When the curtain rises, the intimate Encore stage is full of rigorously syncopated dancers rehearsing in a frenzy. The bright colors, lights, and energetic tap dancing that open the show display the special mix of Depression-era anxiety and the joy of putting on a musical.
In 1980, Broadway producer David Merrick gambled that the 1933 hit movie musical 42nd Street would find a new audience on Broadway. Under the direction and choreography of Gower Champion, the show struck gold.
The 1933 movie had been a big hit, coming as it did in the midst of the Great Depression, and it acknowledged the hard times while promoting the idea that things will get better—and in the meantime, let’s have some fun. Based on a novel, the musical introduced the classic story of the chorus girl who becomes a star.
The STEM of the Problem: "Digging Up Dessa" follows a young female archeologist grappling with sexism in the science world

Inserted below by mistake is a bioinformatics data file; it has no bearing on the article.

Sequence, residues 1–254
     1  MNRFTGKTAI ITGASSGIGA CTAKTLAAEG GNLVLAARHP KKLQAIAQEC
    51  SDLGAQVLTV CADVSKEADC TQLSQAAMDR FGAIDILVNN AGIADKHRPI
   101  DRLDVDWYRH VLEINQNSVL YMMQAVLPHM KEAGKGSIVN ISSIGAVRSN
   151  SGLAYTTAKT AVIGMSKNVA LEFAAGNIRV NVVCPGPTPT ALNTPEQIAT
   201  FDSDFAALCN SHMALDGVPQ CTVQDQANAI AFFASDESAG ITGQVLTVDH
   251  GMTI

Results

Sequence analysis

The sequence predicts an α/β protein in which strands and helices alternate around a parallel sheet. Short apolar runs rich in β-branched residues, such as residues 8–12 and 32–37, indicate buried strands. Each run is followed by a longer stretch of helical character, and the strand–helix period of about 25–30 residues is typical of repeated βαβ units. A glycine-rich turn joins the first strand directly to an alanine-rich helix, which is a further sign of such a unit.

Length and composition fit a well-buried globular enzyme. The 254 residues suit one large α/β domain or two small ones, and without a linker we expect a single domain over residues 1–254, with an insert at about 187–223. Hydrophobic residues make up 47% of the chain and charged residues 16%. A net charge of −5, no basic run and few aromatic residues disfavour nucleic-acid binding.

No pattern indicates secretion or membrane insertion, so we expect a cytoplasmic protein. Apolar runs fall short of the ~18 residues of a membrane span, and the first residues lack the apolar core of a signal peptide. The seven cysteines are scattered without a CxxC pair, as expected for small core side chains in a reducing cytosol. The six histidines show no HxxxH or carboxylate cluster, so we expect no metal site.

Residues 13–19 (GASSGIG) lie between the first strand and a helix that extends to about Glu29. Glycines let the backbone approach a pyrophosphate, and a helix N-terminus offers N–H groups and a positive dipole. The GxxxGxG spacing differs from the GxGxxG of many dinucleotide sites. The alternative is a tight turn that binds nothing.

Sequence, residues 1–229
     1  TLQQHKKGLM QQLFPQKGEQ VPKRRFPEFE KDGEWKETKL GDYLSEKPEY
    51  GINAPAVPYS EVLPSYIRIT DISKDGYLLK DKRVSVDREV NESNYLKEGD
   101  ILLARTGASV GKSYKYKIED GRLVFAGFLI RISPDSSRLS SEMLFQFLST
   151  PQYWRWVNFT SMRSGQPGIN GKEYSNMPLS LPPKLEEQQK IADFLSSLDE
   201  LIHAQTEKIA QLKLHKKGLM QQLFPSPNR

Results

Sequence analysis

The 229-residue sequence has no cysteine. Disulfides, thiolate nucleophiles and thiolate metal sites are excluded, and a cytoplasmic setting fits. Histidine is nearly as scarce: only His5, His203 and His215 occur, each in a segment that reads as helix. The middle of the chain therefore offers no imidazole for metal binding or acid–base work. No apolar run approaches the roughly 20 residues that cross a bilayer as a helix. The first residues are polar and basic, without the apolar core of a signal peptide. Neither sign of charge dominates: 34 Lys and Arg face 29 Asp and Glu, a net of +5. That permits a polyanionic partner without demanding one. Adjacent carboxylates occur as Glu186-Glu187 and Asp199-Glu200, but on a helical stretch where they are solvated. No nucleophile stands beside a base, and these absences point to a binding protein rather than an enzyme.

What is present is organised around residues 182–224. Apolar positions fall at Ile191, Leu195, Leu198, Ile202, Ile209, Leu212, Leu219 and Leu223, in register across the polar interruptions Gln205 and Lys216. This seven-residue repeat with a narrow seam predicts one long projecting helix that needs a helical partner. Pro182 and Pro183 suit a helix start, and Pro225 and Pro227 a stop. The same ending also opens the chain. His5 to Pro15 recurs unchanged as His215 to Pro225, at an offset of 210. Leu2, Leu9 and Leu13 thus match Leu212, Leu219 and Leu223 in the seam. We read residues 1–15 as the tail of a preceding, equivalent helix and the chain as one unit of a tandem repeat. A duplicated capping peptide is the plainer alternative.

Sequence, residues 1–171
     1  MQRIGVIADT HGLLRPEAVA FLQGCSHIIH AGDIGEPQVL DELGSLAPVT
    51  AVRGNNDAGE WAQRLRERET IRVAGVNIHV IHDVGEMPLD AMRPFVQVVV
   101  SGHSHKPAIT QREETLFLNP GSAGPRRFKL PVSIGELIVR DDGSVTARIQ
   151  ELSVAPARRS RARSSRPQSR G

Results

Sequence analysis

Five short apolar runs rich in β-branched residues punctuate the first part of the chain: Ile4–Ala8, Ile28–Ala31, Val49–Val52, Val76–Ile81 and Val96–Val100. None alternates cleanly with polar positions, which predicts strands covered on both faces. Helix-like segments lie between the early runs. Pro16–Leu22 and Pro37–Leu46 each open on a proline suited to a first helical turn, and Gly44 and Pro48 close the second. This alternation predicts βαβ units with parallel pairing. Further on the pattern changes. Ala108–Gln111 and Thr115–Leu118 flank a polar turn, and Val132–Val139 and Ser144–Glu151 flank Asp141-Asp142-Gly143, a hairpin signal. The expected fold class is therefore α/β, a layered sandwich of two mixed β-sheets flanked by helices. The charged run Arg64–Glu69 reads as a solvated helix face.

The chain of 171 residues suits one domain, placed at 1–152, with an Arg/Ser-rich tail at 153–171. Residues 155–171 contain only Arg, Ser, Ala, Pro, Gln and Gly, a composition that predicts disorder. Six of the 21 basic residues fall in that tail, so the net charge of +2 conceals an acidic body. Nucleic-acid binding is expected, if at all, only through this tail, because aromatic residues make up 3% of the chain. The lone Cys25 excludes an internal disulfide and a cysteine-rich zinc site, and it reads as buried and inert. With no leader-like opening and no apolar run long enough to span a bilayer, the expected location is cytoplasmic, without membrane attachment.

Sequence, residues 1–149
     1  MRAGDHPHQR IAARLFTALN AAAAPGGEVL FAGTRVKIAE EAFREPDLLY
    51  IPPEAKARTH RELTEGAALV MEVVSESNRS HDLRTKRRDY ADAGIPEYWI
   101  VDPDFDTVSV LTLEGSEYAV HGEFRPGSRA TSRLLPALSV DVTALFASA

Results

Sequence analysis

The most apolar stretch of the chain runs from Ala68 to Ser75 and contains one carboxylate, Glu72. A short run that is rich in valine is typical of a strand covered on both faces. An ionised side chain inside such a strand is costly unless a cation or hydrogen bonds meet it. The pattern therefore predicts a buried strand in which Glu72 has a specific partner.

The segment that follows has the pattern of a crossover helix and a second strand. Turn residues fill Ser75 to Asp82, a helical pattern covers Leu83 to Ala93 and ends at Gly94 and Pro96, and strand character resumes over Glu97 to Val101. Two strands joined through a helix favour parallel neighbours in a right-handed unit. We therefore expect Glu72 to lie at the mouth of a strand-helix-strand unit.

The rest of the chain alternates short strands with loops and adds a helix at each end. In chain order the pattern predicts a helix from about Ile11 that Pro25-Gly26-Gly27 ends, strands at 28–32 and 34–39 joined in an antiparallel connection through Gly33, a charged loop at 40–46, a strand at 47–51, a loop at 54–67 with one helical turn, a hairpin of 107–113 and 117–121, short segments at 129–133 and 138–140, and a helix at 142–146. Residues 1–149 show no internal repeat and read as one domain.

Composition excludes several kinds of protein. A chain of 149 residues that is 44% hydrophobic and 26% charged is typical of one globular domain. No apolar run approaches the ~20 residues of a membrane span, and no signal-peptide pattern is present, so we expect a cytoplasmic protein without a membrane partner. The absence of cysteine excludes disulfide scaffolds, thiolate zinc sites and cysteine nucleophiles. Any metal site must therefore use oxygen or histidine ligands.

Getting Dirty: Digging Up Dessa at EMU unearths the truths of both past and present
Digging Up Dessa gives women all the credit.
Presented by the EMU Department of Theatre, the play seeks to restore credit to the female scientists whose discoveries were claimed by their male colleagues.
Dessa (Lauren Pride) is a young girl obsessed with fossils, archeology, and science. Her world has just been turned upside down due to the passing of her father. The entire family was involved in a freak car accident and he did not make it, leaving Dessa and her mom, Esther (Cassie Paige).
Ever since the accident, Dessa has seen visions of Mary Anning (Mollie Cardella), a scientist from the 1800s who made uncredited breakthroughs in archeology. Anning was a real person, and even though she discovered numerous creatures, including the first Ichthyosaur, she was not eligible to join the Geographical Society in London because she was a woman. No one else can hear or see Anning, and she helps Dessa deal with life as an aspiring female scientist.
A Ghost Story: Purple Rose’s world premiere of the humorous but serious "In Common" explores friends struggling with relationships, past and present
A young woman races about frantically trying on one dress after another. She’s going out to meet with friends who want to introduce her to a man. But she’s not sure she’s ready yet.